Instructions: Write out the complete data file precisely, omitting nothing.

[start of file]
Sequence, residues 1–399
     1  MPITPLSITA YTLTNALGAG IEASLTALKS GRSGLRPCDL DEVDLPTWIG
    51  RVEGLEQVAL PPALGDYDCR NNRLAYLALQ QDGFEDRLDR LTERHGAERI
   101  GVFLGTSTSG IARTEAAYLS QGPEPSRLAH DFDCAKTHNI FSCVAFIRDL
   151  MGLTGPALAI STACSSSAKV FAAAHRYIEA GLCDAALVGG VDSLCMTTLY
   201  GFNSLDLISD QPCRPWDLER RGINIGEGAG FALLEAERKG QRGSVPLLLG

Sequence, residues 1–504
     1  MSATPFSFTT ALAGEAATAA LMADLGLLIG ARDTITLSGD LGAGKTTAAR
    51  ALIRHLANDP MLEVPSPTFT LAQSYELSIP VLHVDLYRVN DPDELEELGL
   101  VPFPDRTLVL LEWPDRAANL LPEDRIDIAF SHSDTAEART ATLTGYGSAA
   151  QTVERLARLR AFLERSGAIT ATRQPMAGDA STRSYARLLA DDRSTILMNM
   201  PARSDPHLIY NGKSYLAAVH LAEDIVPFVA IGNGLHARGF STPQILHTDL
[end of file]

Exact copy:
Sequence, residues 1–399
     1  MPITPLSITA YTLTNALGAG IEASLTALKS GRSGLRPCDL DEVDLPTWIG
    51  RVEGLEQVAL PPALGDYDCR NNRLAYLALQ QDGFEDRLDR LTERHGAERI
   101  GVFLGTSTSG IARTEAAYLS QGPEPSRLAH DFDCAKTHNI FSCVAFIRDL
   151  MGLTGPALAI STACSSSAKV FAAAHRYIEA GLCDAALVGG VDSLCMTTLY
   201  GFNSLDLISD QPCRPWDLER RGINIGEGAG FALLEAERKG QRGSVPLLLG

Sequence, residues 1–504
     1  MSATPFSFTT ALAGEAATAA LMADLGLLIG ARDTITLSGD LGAGKTTAAR
    51  ALIRHLANDP MLEVPSPTFT LAQSYELSIP VLHVDLYRVN DPDELEELGL
   101  VPFPDRTLVL LEWPDRAANL LPEDRIDIAF SHSDTAEART ATLTGYGSAA
   151  QTVERLARLR AFLERSGAIT ATRQPMAGDA STRSYARLLA DDRSTILMNM
   201  PARSDPHLIY NGKSYLAAVH LAEDIVPFVA IGNGLHARGF STPQILHTDL